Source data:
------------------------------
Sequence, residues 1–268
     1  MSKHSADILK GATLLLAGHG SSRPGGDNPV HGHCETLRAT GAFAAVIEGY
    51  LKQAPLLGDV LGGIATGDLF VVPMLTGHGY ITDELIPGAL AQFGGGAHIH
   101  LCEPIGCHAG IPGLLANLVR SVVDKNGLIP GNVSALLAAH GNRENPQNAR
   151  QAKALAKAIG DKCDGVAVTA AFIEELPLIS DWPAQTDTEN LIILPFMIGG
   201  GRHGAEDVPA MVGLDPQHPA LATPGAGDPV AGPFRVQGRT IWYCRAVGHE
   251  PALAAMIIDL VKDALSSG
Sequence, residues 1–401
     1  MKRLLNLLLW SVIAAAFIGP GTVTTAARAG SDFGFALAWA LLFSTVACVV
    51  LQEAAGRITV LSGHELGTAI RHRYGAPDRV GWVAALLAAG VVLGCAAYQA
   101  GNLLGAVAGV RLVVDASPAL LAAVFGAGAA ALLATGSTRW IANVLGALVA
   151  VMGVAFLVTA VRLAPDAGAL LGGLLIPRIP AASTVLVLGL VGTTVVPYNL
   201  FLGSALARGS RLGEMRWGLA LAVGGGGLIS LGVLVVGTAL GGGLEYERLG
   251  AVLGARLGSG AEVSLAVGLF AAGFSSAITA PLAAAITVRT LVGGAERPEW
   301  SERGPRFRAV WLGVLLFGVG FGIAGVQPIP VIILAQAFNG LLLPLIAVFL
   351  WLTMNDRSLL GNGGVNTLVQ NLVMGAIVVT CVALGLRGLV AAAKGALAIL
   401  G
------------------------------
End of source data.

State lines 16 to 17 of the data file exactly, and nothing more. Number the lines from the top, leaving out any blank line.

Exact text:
   351  WLTMNDRSLL GNGGVNTLVQ NLVMGAIVVT CVALGLRGLV AAAKGALAIL
   401  G